DENVER, March 23, 2015 -- What many people might call the daily laboratory grind Theodore Betley, Ph.D., calls play. As a student, he developed a passion for lab work that could now pay off for the rest of the world. Today, he will present pioneering work that could help turn greenhouse gases into useful products during "The Kavli Foundation Emerging Leader in Chemistry Lecture" at the 249th National Meeting & Exposition of the American Chemical Society (ACS).
ACS, the world's largest scientific society, is holding the meeting here through Thursday. It features nearly 11,000 presentations on a wide range of science topics.
"Our goal is to answer the questions: How do you take the sea of gases that makes up our atmosphere and convert that into liquid fuels?" Betley says. "Or how do you remediate greenhouse gases and turn them into something usable for the chemical industry?"
The key to answering these big-picture questions and others is getting a better grasp on how nature works, says Betley, who is a professor of inorganic chemistry at Harvard University.
"Nature has evolved over billions of years to convert nitrogen from the atmosphere into fertilizer or to harness solar energy to split water into oxygen and protons and electrons," he explains. "As chemists, we're trying to catch up in order to do those transformations ourselves."
Inorganic chemists design new catalysts that can spur such transformations along. But it's not an easy task. Betley says the field's top scientists in the 1960s started creating catalytic clusters that copy nature's strategy, relying on several underdog metals rather than just one heavy hitter to get a reaction going.
Betley's lab is now at the forefront of such efforts. They've developed novel materials that are extremely efficient at prompting reactions to take place in the lab. Harnessing the ability to drive and control these reactions could help provide new solutions for reducing levels of greenhouse gases that contribute to global warming. The reactions could remove those gases from the air and turn them into chemical products in high demand that industry now gets in less sustainable ways.
Betley's path toward this potential turning point in the field started when he was an undergraduate student, he says. Through a series of internships in various labs, he developed a near-compulsive desire to understand chemical reactions on a fundamental level.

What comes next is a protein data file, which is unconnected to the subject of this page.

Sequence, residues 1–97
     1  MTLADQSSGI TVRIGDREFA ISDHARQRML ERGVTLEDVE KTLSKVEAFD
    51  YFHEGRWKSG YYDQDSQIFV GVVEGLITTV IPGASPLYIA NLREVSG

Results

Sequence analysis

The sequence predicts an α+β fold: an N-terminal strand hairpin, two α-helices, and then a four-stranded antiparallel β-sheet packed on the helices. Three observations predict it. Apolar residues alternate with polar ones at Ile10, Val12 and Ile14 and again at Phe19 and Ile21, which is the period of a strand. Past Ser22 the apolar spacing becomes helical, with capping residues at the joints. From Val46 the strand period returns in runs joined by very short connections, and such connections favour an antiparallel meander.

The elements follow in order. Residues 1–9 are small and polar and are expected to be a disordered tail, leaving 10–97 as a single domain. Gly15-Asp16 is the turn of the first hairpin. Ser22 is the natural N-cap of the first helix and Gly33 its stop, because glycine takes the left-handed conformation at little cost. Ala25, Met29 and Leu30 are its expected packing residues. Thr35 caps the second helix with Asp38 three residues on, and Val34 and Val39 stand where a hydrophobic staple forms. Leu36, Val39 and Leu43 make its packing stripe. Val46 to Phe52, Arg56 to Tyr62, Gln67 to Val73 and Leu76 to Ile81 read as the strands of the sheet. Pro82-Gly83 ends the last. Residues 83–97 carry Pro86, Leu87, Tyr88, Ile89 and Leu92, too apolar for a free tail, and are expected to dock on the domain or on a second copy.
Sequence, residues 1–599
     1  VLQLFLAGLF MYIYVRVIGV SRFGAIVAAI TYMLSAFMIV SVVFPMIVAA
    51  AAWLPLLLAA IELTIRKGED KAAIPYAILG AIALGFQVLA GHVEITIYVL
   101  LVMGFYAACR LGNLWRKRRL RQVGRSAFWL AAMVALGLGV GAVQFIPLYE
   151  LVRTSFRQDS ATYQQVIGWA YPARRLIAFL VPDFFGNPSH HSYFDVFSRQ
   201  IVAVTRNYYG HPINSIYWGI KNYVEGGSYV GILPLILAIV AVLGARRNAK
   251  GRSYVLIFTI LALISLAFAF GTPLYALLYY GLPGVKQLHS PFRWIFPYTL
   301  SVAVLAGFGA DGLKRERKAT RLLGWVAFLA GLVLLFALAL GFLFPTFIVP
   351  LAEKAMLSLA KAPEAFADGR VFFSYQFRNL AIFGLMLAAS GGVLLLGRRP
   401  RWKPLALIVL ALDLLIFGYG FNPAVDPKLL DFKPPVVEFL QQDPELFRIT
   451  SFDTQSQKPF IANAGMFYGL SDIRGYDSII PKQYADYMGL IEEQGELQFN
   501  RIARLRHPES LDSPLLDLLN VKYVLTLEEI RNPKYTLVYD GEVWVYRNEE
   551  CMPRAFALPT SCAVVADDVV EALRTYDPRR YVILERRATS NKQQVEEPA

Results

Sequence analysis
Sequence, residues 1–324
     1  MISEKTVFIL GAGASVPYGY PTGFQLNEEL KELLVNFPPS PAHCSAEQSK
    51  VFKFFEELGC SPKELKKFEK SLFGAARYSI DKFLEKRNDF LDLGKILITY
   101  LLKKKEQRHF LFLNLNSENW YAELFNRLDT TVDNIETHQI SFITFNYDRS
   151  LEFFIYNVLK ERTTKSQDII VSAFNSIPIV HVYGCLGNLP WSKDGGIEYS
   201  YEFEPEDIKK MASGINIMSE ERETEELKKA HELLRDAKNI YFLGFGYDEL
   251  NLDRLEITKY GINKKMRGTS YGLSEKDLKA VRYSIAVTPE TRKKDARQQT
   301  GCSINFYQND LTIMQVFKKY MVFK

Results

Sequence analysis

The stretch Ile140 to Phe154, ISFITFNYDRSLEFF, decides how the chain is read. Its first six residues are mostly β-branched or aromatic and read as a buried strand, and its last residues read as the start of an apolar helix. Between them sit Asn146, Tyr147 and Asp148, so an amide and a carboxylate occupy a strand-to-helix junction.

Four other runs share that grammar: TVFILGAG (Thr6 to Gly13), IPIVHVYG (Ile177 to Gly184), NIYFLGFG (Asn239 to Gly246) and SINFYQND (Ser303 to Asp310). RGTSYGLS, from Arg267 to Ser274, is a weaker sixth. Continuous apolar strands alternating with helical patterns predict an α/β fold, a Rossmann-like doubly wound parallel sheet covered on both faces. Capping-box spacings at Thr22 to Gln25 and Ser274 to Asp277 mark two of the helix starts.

"What I discovered in my first interactions in the lab was just a passion for the minutiae," he says. "I didn't have one of those defining moments as a kid when I set my barn on fire and said, 'Holy smokes -- I need to learn more about combustion.' To be honest, I think I entered undergraduate studies being very uncertain about what I wanted to do."
But by the time he completed his degree in chemical engineering, Betley knew there were provocative questions in inorganic chemistry that he wanted to answer, so he went to graduate school. Now, he's chipping away at those questions and turning them into novel solutions.
Betley will present his talk Monday, March 23, at the Colorado Convention Center, Bellco Theater, 4-5 p.m. (Mountain time).
A press conference on this topic will be held Tuesday, March 24, at 9 a.m. Mountain time in the Colorado Convention Center. Reporters may check-in at Room 104 in person, or watch live on YouTube http://bit.
The Kavli lecture series is a result of a collaboration between ACS and The Kavli Foundation, an internationally recognized philanthropic organization known for its support of basic scientific innovation.
The American Chemical Society is a nonprofit organization chartered by the U.S. Congress. With more than 158,000 members, ACS is the world's largest scientific society and a global leader in providing access to chemistry-related research through its multiple databases, peer-reviewed journals and scientific conferences. Its main offices are in Washington, D.C., and Columbus, Ohio.
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Radical frontiers in catalysis
The science of small molecule activation centers of the conversion of ubiquitous substrates (e.g. CO2 or N2) into useable chemical feedstocks or precursors for synthetic fuels. Therefore, small molecule activation catalysis could potentially play a central role in both emerging energy storage strategies, as well as mitigate the effects of accumulating greenhouse gases. State-of-the-art small molecule activation catalysts typically require strong oxidants or reductants to engage substrate, incurring large overpotential costs (or wasted energy) that limits their utility. We envisioned a new strategy wherein a multi-electron pathway could be accessed through the use of cluster?based catalysts. This strategy serves to delocalize the redox load over multiple redox-active centers, making multi-electron redox behavior more accessible. Towards this end we developed simple, multidentate ligands to direct the formation of reactive metal clusters that feature proximally oriented transition metals that cooperatively act upon a single substrate. Embedding earth-abundant, first row transition metals within the weak-field ligand platforms allowed us to realize a new class of highly reactive clusters. Our research has led to new understanding of factors contributing to the promotion of productive small molecule activation processes, culminating in the development of new inorganic catalysts.